Herman Rarebell and the fascinating tale of ‘Heya Heya’

Isn’t it strange how a little rock novelty ditty can rise up and become an unexpected smash in one country or region and be almost completely ignored by the rest of the world?

Such is the case of “He Ya” by the early ‘70s cult outfit Jeronimo (mislabeled on the cover on a Holland release as Geronimo). A huge hit in Germany and other European countries, “He Ya,” along with another success in “Na Na Hey Hey,” helped Jeronimo merge into hard rock’s fast lane, as the band shared stages with the likes of Deep Purple, Golden Earring and Steppenwolf, who once served as their touring partners.

In the U.S., though, Jeronimo was barely a blip on the radar screen. Being a native of Germany, Herman Rarebell remembers Jeronimo well … so well in fact that the former drummer for The Scorpions has reworked the song for his new Herman Ze German solo album, Take It as It Comes, out now on Dark Star Records. Ghostly Native American chanting and tribal drums give way to monstrously heavy guitars riffs from Horst Luksch, more chanting from the Children Choir of Unterensingen, Germany and dark electronic washes in Rarebell’s version, called “Heya Heya.” The total package is incredibly compelling.

Rarebell explains how “Heya Heya,” perhaps the most strikingly original track on the album, evolved.
“It’s an Indian tribe song and ‘Heya Heya,’ you know, is actually a cover song,” said Rarebell. “It was done in 1971 here in Germany and it became a big hit by a band called Jeronimo. It was written by two Americans, and they’d covered it in ’71 and it became #1 in Germany and it stayed #1 in Germany for nearly six months.

It was one of the longest #1s. But it never ever got outside of Germany. So, you know, my version is completely different, of course. As you can hear, it sounds really big, but basically, being a drummer, I always liked that Indian beat and I decided to make it really heavy. So it sounds really big, that kind of thing.”
Marquis De Schoelch plays keyboards and Jens Peter Abele trades off between bass and rhythm guitar on the track, which Rarebell recorded for one of his favorite charities, World Vision, an organization that seeks to assist children worldwide. But it is Luksch who plays a starring role on “Heya Heya.”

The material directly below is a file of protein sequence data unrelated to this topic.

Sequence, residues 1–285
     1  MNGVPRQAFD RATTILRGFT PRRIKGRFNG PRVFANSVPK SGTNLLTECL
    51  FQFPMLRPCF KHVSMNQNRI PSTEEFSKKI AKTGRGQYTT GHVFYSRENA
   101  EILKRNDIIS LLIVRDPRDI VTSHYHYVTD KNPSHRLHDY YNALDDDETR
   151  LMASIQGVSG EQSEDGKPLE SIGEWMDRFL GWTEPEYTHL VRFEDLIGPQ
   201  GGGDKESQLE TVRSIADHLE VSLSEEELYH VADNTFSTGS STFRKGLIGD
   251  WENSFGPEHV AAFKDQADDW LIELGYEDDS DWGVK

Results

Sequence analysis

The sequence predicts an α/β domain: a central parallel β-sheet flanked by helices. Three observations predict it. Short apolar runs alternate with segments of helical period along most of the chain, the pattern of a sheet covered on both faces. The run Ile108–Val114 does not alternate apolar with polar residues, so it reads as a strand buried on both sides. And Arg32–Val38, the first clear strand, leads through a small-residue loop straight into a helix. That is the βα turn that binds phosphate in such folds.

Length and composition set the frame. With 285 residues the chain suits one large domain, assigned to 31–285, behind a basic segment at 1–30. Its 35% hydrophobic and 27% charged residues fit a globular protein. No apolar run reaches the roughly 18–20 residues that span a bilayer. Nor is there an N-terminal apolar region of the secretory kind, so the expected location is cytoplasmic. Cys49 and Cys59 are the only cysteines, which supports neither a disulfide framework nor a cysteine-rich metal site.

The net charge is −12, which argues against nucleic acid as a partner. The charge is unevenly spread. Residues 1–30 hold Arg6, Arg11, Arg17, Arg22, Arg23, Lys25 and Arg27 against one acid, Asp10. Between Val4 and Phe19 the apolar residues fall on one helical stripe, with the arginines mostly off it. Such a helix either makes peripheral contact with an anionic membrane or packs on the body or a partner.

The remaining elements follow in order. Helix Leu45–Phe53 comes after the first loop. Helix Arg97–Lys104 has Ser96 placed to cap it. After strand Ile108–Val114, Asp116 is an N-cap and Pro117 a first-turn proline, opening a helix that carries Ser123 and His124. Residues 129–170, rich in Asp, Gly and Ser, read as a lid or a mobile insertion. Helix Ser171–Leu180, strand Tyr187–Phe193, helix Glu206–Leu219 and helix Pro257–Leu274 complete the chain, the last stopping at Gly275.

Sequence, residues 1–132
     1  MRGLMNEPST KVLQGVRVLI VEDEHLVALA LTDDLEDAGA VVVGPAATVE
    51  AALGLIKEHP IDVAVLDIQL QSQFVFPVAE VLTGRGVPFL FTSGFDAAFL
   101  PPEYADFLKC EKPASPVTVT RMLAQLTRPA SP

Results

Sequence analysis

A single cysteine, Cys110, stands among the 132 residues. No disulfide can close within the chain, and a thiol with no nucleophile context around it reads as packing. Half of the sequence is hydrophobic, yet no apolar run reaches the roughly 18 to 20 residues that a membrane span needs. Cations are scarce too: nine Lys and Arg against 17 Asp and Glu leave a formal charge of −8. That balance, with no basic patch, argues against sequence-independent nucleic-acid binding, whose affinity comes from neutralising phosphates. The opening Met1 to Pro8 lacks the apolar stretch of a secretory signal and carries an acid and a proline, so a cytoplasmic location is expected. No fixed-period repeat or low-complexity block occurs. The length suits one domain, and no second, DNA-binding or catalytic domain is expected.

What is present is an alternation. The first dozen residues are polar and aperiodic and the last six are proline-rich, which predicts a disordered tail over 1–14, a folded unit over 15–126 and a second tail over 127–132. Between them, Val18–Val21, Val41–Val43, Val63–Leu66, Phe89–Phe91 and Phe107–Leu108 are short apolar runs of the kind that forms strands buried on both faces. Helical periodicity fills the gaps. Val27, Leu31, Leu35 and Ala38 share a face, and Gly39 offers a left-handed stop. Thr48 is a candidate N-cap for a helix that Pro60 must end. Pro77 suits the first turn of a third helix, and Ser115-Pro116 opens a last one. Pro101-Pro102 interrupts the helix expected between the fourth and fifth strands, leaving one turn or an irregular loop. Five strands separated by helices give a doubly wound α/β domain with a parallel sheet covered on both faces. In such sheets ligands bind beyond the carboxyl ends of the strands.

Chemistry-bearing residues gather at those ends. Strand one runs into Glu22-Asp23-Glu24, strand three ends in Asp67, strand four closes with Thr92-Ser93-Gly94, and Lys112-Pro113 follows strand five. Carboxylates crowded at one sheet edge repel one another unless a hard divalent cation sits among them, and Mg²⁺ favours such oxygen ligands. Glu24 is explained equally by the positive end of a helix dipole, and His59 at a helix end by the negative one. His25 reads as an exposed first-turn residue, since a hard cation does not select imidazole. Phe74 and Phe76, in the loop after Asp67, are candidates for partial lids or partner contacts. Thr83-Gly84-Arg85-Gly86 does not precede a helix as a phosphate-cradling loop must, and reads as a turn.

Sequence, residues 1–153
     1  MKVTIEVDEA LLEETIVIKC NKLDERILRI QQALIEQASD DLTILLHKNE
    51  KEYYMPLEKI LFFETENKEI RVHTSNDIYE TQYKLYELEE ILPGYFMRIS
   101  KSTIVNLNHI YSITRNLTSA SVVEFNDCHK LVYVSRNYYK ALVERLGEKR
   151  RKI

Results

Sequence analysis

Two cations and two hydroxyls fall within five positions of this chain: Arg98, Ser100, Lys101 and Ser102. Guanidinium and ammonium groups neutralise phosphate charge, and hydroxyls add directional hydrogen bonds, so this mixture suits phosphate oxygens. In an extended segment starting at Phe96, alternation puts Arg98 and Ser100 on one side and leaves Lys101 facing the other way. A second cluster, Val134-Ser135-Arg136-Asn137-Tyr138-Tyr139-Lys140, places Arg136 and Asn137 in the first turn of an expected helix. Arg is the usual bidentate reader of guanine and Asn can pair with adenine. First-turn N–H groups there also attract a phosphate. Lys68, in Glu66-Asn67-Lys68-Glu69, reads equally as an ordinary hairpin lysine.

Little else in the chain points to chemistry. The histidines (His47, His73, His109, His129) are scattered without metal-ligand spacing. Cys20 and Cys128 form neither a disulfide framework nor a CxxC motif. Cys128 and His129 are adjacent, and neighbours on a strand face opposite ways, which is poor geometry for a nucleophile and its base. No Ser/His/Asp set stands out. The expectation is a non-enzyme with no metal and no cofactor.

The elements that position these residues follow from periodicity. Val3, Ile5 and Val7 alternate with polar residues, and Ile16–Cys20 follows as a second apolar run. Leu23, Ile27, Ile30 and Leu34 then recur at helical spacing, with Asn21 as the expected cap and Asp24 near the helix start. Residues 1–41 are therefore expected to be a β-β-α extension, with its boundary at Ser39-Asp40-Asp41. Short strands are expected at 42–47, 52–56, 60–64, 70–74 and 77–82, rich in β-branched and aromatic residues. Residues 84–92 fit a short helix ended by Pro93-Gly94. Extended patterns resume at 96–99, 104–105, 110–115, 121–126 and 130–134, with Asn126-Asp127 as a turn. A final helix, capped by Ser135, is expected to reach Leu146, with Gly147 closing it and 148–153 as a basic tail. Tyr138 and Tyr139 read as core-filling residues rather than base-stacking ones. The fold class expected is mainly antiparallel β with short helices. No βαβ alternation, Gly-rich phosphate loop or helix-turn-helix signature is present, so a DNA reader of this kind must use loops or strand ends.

“When we did this, we did it for charity in the beginning for an organization called World Vision,” said Rarebell. “On World Vision, you literally can support a child in the Third World for about $25 a month. So basically, they really bring those kids up there, educate them. I have, for example, two kids that I’ve supported for over 25 years now; they are now doctors in Germany. So they go to school with that $25, they buy clothes, they buy their school books. They probably feed half their family with it too. And we had 30 children sing on it. We recorded it in Unterensingen. That’s where the studio is, near to Stuttgart. So when we recorded this in this place, this village actually, there was the school and the teacher. We told her this and she made the kids sing along with the song. She rehearsed it with them for about an hour and then she came down and we recorded it, because it was good fun to do this along when they’re singing “Heya heya heyay,” and when you go to YouTube, you can order the video. Yeah, I made a video of it, too.”

“Heya Heya” is not the only surprise Rarebell has in store for everyone. An interesting re-recording of the Scorpions’ biggest hit, “Rock You Like a Hurricane,” also makes an appearance on Take It As It Comes, the album title being a mantra of sorts for Rarebell.

“When you really look at the world nowadays, there’s not that much you can do about catastrophes and look at the thing that’s happening right now here in Europe and in Russia (wildfires were raging across the region at the time of this interview),” said Rarebell. “The whole of Russia is burning down at the moment, and then you look at east Germany right now, which is completely under water. What I’m talking about is if there’s a higher thing structuring you, natural catastrophes, you can only make the best out of them and look forward and take it as it comes. There’s not much you can do about it. And it literally could be your last days, so live it like this. And that’s my philosophy. You know, looking back on life nowadays how are you going to change it. See what I mean? Take it as it comes, think positive and it’s the same in America. You have recession there and it’s very difficult for a lot of people. You have to take it as it comes and look forward. Otherwise, you’ll never get out of this shit anymore. This is just what I think, you know? It’s better to think positive to the future rather than negative.”

Looking forward, and not back, seems to have worked out pretty well for Rarebell.

- Peter Lindblad

Official Herman Rarebell Website:  http://www.hermanrarebell.com/

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